In the meantime, however, I think it’s best to approach the issue by focusing on the importance of truth. When someone asks us, “Is it really important which denomination I belong to?” we should respond, “Let me answer your question with another question: Is the truth important?”
If the truth about God (with its many implications for how we must live) is important — and I can’t imagine a sincere Christian claiming that it’s not — then it matters critically which Christian group we belong to. Why? Because various groups make conflicting claims about what’s true, and they can’t all be right.
Every man or woman of integrity (your friend included, I trust) should want to know the truth about God and then live accordingly. That requires finding out which Christian tradition actually teaches the truth — and then joining it.
Here’s just one example: Is Holy Communion merely a symbol, as the Baptists claim? If so, then it really doesn’t make much difference how often you receive it, or whether you receive it in a Baptist gathering or a Methodist one. It’s just bread and wine (or grape juice), and its significance depends on the person receiving it.
But what if the Eucharist isn’t just a symbol? What if it’s truly the life-giving Body and Blood, Soul and Divinity of Christ, as the Catholic Church teaches, a matchless source of divine grace? What if the Lord intends for us to receive this grace frequently? And what if the bread and wine become Christ’s Body and Blood only when consecrated by someone who has been duly authorized by God through the sacrament of Holy Orders?
If that’s the case, then by all means you must find the Church that offers a true Eucharist, and then join it!
Encourage your friend to seek the truth about God by exploring thoughtfully and prayerfully the teachings of the Catholic Church, comparing them to the teachings of various Protestant denominations. If he does this honestly, though he may not become a Catholic right away, he will at least have to admit that it matters immensely which Christian church or denomination he belongs to — even if people can be saved from any one of them.
Salvation for Satan?
Q. I’ve been taught that Satan and his demons cannot be saved the way human beings can. If that’s true, then why not? Doesn’t God love all the creatures He made, including the fallen angels?
M. S., via email
A. Here’s a reply from TCA columnist Father Ray Ryland, Ph.D., J.D.:
God does indeed love all His creatures with an infinite love. One expression of his love to rational creatures such as angels and human beings is His gift of free will. The demons used that gift to turn against God.
Theoretically, it is true that Satan and his angels could be saved as we human beings can be saved if they were to repent and turn back to God. Nevertheless, the Church teaches us (see the Catechism of the Catholic Church, nos. 392-393) that this will not happen: Satan and his angels, using their free will, “radically and irrevocably rejected God and his reign.” The fact that their rejection of God is final means that they cannot be saved. God never overrides His creatures’ freedom to reject Him.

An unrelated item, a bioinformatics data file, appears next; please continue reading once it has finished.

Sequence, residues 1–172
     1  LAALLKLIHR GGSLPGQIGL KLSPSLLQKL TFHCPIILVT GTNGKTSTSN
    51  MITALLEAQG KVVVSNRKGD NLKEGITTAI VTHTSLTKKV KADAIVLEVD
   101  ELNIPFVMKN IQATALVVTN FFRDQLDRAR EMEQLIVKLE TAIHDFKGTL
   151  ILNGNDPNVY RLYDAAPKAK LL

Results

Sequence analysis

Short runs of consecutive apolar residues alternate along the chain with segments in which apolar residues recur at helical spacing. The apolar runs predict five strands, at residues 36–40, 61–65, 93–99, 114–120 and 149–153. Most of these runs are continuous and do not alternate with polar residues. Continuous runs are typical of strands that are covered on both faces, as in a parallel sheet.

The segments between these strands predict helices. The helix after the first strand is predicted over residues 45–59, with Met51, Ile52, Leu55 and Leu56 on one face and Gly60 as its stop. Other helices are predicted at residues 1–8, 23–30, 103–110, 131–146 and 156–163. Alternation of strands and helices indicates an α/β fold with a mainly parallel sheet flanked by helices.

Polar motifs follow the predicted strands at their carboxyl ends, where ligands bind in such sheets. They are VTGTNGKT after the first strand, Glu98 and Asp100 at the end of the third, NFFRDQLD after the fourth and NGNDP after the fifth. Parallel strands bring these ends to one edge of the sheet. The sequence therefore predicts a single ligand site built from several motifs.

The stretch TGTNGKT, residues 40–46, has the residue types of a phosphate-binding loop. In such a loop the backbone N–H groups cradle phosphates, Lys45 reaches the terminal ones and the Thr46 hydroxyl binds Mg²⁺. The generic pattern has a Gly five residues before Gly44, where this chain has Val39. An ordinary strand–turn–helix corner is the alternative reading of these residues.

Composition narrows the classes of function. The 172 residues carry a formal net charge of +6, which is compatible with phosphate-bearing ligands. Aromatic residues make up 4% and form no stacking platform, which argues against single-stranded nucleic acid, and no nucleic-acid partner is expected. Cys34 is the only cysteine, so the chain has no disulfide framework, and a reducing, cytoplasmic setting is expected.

I would add to Father Ryland’s reply the reminder that human beings face a similar situation in the next life: Our choice in this present life for or against God becomes irrevocable at our death; it is an eternally definitive choice.
New Assyrian Catholics?
Q. I heard that a group of Eastern Christians that had long been separated from Rome were recently received into the Church. Can you provide a few details?
M. B., via email
A. The Assyrian Church of the East is an ancient Christian tradition with its own autonomous structure, separate from both the Catholic Church and the Eastern Orthodox churches, and with a theology that has differed from that of both Catholics and Orthodox on various doctrinal points, such as the nature of Christ. Their traditional liturgical language is Syriac. Though they originated in ancient Mesopotamia (what is roughly modern-day Iraq), they have members worldwide, including many who live in the U.S.
Mar Bawai Soro, a bishop of the Assyrian Church of the East, had long advocated the primacy of the See of Rome, which that church rejects. In November 2005 he presented a paper to the church’s Synod of Bishops that brought the matter to a head. Five days later, he was suspended by the Synod. (For the full text of Mar Bawai’s paper on papal primacy, as well as the Synod’s declaration of suspension, click here.)
After his suspension, Mar Bawai, along with the clergy and laypeople who remained loyal to him, formed the independent Assyrian Catholic Apostolic Diocese. Since that time, they had been drawing closer to the Catholic Church through relations with the Chaldean Catholic Patriarchate.
Last January the Assyrian clergy adopted a “Declaration of Intention” that they would seek to “enter full communion with the Catholic Church.” This document was signed by the bishop, six priests and thirty deacons. Its intention, they explained, was “the fulfillment of Christ’s prayer for His Holy Church ‘that they all may be one’ (John 17:21).” (To read the declaration,click here.)
In March, at the Chaldean Cathedral of St. Peter in San Diego, Calif., a gathering of the clergy publicly recited a Catholic Profession of Faith. Then, on Pentecost Sunday of this year, the group formally united with the Catholic Church, becoming part of the Catholic Diocese of St. Peter the Apostle for Chaldeans and Assyrians. Received into full communion that day were Mar Bawai, six priests, more than thirty deacons and subdeacons and an estimated 3,000 faithful. (For the announcement of this event by the Chaldean Catholic Church, click here.)
This is a cause for great celebration. I wish to offer a hearty Welcome home! to our newly reunited Assyrian brothers and sisters in the Faith.